Our dead and Yasukuni shrine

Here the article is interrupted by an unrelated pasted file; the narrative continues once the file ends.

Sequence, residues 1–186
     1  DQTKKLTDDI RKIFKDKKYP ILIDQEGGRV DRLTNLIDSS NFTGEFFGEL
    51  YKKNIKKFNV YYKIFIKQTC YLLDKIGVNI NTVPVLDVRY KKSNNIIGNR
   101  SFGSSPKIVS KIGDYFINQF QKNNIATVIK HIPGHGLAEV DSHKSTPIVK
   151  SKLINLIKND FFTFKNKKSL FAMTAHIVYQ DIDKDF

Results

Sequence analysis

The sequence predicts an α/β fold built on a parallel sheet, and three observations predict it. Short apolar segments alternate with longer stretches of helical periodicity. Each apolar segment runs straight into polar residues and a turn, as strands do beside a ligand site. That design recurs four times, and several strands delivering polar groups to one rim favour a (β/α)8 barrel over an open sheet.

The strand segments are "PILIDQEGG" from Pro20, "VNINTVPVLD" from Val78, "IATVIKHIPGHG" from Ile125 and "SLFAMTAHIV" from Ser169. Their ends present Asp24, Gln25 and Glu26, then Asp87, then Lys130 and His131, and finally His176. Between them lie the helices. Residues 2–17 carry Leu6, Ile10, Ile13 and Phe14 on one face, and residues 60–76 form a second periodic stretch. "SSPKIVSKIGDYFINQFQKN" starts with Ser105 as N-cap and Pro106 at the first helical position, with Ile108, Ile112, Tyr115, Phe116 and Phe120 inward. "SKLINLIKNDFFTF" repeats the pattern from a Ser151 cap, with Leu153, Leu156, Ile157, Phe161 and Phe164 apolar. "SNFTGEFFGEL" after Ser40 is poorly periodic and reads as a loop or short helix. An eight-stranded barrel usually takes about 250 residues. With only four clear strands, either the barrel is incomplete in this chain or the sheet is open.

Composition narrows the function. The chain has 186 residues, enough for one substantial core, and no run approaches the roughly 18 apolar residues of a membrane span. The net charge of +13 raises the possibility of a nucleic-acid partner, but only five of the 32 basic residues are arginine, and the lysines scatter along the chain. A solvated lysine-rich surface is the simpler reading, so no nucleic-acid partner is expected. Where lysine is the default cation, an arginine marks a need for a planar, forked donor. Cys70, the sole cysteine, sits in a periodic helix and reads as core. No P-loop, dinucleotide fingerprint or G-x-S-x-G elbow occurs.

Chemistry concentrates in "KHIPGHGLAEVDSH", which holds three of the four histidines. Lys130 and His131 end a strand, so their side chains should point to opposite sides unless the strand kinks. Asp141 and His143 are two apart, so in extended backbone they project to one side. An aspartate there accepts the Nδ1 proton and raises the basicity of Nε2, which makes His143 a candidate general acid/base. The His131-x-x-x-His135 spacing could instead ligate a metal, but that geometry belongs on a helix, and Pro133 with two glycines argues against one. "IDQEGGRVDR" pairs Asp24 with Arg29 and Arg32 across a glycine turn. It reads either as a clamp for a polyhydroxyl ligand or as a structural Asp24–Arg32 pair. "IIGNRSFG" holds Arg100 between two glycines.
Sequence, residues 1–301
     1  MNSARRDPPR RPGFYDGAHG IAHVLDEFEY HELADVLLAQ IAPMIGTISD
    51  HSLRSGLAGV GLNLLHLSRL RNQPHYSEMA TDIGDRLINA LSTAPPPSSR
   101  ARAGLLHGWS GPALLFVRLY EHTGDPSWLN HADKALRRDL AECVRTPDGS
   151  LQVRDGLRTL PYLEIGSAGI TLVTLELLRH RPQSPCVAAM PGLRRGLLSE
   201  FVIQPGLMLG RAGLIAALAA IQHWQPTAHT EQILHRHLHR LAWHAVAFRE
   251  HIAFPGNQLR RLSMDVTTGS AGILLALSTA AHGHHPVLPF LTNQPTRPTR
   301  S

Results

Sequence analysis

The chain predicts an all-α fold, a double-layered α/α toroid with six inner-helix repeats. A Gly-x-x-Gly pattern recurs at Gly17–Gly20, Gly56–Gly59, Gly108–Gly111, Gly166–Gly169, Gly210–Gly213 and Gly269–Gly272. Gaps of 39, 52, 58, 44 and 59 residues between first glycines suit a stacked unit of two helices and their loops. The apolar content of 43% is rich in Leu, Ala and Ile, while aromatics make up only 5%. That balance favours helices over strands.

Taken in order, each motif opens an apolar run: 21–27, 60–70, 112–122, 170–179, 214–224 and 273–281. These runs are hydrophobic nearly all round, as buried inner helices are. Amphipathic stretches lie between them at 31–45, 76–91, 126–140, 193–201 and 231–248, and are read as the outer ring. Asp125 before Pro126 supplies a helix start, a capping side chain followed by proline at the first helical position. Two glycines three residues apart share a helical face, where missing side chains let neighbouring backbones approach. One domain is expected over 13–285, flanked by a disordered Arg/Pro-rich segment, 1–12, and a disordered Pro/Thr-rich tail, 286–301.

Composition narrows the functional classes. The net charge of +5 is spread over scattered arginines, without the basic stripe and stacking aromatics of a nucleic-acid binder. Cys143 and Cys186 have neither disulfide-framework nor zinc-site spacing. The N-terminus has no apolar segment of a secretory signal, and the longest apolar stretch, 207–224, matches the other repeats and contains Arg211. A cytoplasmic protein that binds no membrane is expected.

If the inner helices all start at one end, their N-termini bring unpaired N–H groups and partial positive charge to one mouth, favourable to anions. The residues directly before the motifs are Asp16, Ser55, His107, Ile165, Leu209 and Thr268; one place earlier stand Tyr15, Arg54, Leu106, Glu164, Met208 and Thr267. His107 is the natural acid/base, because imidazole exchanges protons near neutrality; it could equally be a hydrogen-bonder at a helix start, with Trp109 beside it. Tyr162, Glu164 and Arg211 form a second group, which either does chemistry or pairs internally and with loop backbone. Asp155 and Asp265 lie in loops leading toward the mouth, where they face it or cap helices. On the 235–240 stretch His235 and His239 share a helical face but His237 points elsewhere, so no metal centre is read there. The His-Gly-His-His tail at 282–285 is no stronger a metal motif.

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This thesis reviews Yasukuni’s symbolic power and transformation from its foundation in 1869 to contemporary times in order to analyze the potent and variant meanings of the Yasukuni symbol. The paramount importance of the site is to ritualize the war dead, whether for national, personal, or religious purposes. While examining the shrine’s many functions, this paper does not try to defend or obscure the serious causal effects of the shrine’s symbolic power but to situate the intentions and controversies in a historical context to see how Yasukuni became what it is, and how it remains important to the Japanese. Beyond looking at Yasukuni through its many controversies (mondai), this thesis explains how the shrine has been important and continues to be a highly active ritual site with deep cultural and religious meaning. In order to understand current Japanese opinions of the significance of Yasukuni shrine, fieldwork was undertaken from June 2011 to October 2012. Research was conducted primarily in the Kanagawa prefecture of Japan. The Kanagawa prefecture, close to the Tokyo area, facilitated repeat visits to the shrine.